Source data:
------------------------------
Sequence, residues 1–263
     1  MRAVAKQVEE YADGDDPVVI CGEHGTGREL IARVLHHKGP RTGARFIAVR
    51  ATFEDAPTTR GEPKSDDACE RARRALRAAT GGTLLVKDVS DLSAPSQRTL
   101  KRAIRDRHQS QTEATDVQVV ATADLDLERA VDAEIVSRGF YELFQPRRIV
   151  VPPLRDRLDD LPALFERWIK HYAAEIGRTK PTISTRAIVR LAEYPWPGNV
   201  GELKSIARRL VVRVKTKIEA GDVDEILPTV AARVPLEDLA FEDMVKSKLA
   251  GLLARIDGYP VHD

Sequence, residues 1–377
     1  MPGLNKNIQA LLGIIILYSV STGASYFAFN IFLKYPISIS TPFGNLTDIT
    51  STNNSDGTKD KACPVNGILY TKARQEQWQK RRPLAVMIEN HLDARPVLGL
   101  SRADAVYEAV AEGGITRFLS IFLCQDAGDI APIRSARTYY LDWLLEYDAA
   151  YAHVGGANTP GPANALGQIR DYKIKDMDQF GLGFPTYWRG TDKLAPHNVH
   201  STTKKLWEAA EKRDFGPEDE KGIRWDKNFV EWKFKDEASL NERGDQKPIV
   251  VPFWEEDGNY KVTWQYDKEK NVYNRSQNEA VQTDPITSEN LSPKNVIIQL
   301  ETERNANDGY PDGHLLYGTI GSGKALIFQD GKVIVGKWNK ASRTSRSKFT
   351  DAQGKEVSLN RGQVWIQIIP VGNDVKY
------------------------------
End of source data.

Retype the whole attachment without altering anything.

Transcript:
Sequence, residues 1–263
     1  MRAVAKQVEE YADGDDPVVI CGEHGTGREL IARVLHHKGP RTGARFIAVR
    51  ATFEDAPTTR GEPKSDDACE RARRALRAAT GGTLLVKDVS DLSAPSQRTL
   101  KRAIRDRHQS QTEATDVQVV ATADLDLERA VDAEIVSRGF YELFQPRRIV
   151  VPPLRDRLDD LPALFERWIK HYAAEIGRTK PTISTRAIVR LAEYPWPGNV
   201  GELKSIARRL VVRVKTKIEA GDVDEILPTV AARVPLEDLA FEDMVKSKLA
   251  GLLARIDGYP VHD

Sequence, residues 1–377
     1  MPGLNKNIQA LLGIIILYSV STGASYFAFN IFLKYPISIS TPFGNLTDIT
    51  STNNSDGTKD KACPVNGILY TKARQEQWQK RRPLAVMIEN HLDARPVLGL
   101  SRADAVYEAV AEGGITRFLS IFLCQDAGDI APIRSARTYY LDWLLEYDAA
   151  YAHVGGANTP GPANALGQIR DYKIKDMDQF GLGFPTYWRG TDKLAPHNVH
   201  STTKKLWEAA EKRDFGPEDE KGIRWDKNFV EWKFKDEASL NERGDQKPIV
   251  VPFWEEDGNY KVTWQYDKEK NVYNRSQNEA VQTDPITSEN LSPKNVIIQL
   301  ETERNANDGY PDGHLLYGTI GSGKALIFQD GKVIVGKWNK ASRTSRSKFT
   351  DAQGKEVSLN RGQVWIQIIP VGNDVKY